The artist shares some previously unpublished work, explains the workings of the Vodun (voodoo) religion, and outlines the technical consolidation of the Western gaze.
1. Show us a sample of your work.
This series of photographs was made in the Republic of Benin and imagines narratives that are inspired by the local animist traditions of the Vodun (voodoo) religion. Benin is the birthplace of voodoo, pre-dating many religions by more than 10,000 years, and there are groups that keep the tradition alive and strong. Vodun cosmology is based on the idea that spirits govern the natural and human world, and religious practices incorporate ceremonies that communicate with mythical gods. The basic tenet of voodoo stipulates the continuity of all things both visible and invisible in the universe, a belief in the interconnectedness of the living, spirit and natural world.
I have always been characterised as the other, whether I am too “African” to be European or too “European” to be African. In this unique positioning, I am interested in the politics of gaze — who is looking, who is being looked at, and the medium through which this looking occurs. Since the invention of photography, the camera has been a determining instrument for the construction and consolidation of the Western gaze. Colonial photography in the nineteenth century formed a visual imaginary of the dark continent and the exotic other, with a fetishistic interest in different bodies and customs. The inherent philosophy of photography is itself a Western concept, the notion that all can be proved and verified by direct visual sight.
The title of this series, Weke, means “the visible and invisible universe, all things created, living, breathing or not” in the local language of Benin. My images attempt to portray the concept of voodoo that cannot be depicted visually, hence cannot be depicted fully through photography: The camera isolates cultural practices and transforms them into visual forms. Instead, I construct my images with an awareness of the cultural gaze, of the fragmented information that one receives when tradition is alienated from its source.
2. What research is currently most informing your practice?
In my work I examine the representation of African identity through the Western imagination.
3. Which photograph are you obsessed with right now and why?
Uglyworldwide is so fresh & talented.
4. What video can you not stop watching?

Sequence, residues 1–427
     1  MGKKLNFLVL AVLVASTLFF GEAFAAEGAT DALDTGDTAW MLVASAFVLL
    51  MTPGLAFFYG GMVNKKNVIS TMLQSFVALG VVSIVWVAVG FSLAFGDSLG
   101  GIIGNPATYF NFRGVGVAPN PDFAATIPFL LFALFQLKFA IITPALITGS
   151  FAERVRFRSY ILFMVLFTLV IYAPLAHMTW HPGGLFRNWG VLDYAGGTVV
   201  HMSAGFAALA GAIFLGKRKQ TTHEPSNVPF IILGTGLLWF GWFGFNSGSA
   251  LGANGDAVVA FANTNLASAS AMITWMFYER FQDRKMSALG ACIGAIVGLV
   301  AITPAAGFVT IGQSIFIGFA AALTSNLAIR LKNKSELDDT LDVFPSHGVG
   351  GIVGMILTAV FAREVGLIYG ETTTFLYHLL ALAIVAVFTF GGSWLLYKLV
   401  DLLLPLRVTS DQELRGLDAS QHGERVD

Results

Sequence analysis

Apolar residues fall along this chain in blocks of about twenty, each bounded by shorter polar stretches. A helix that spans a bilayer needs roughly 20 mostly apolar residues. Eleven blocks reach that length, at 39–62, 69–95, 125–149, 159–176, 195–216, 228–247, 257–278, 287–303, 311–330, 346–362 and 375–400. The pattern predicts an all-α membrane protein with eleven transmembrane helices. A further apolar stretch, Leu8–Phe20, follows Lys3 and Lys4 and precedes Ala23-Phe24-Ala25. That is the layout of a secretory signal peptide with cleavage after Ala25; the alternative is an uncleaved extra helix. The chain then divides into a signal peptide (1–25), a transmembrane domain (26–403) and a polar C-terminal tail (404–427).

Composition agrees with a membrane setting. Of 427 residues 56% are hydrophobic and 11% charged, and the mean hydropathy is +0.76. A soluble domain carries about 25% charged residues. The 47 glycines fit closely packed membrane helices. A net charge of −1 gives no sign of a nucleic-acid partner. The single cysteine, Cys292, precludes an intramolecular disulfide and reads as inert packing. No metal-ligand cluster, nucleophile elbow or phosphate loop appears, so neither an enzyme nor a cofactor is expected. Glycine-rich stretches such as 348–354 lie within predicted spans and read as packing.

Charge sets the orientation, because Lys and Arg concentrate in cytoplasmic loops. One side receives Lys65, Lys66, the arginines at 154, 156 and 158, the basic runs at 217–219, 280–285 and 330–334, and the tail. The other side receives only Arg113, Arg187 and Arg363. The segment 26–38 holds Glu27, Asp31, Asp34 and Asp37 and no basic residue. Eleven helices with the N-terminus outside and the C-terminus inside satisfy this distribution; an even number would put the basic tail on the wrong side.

5. Can you give us five links to things you think we should know about?
6. How many photos do you have right now on your phone? Please share one
…and feel free to give us some context if you feel like it.
2008 pictures in my iPhone – a painting by my great-grandfather.
7. Can you send us a pic of your desk/workspace?
8. What is the most coveted photo book you own and why?
Neue Welt, Taschen, Cologne, 2012 – Wolfgang Tillmans – brilliant composition and lecture through the image, page by page.
9. What concerns you?
We must be aware and protect our oceans – sharks too! A lot of fishermen kill them for their fins and some of them are endangered.
10. What makes you happy?
To feel free of my actions, to live my life the way I decided to. What I want is not to be in a dictator system.
About Namsa: Namsa Leuba (Switzerland, b. 1982) studied photography at ECAL, University of Art and Design Lausanne, and obtained a Masters in Art Direction at ECAL. Her work has been published in numerous magazines, including I-D, Numéro, KALEIDOSCOPE, Foam, Interview, Vice Magazine, New York Magazine, Wallpaper, Libération, British Journal of Photography, and European Photography. In 2010, Leuba won First Prize at the Planches Contact Festival in Deauville, France. In 2012, Leuba was awarded the PhotoGlobal Prize at the Photography Festival in Hyères. She was the winner of the Magenta Foundation Flash Forward Festival in 2013. Namsa Leuba has participated in recent exhibitions including Photoquai in Paris, France; Making Africa: A Continent of Contemporary Design at the Guggenheim Bilbao, Spain; Nataal: New African Photography at Redhook Labs, Brooklyn; Africa Reframed in Copenhagen, Denmark; Daegu Photo Biennale in Daegu, Korea; the Athens Photo Festival in Athens, Greece, and a performance in Off Print at the Tate Modern, London. Her work is included in prestigious private collections including the Swiss Foundation for Photography and the Tang Museum (New York). Leuba’s first large scale solo exhibition, Ethnomodern, was held at Art Twenty One in Lagos in 2016. Leuba lives and works between Africa and Europe.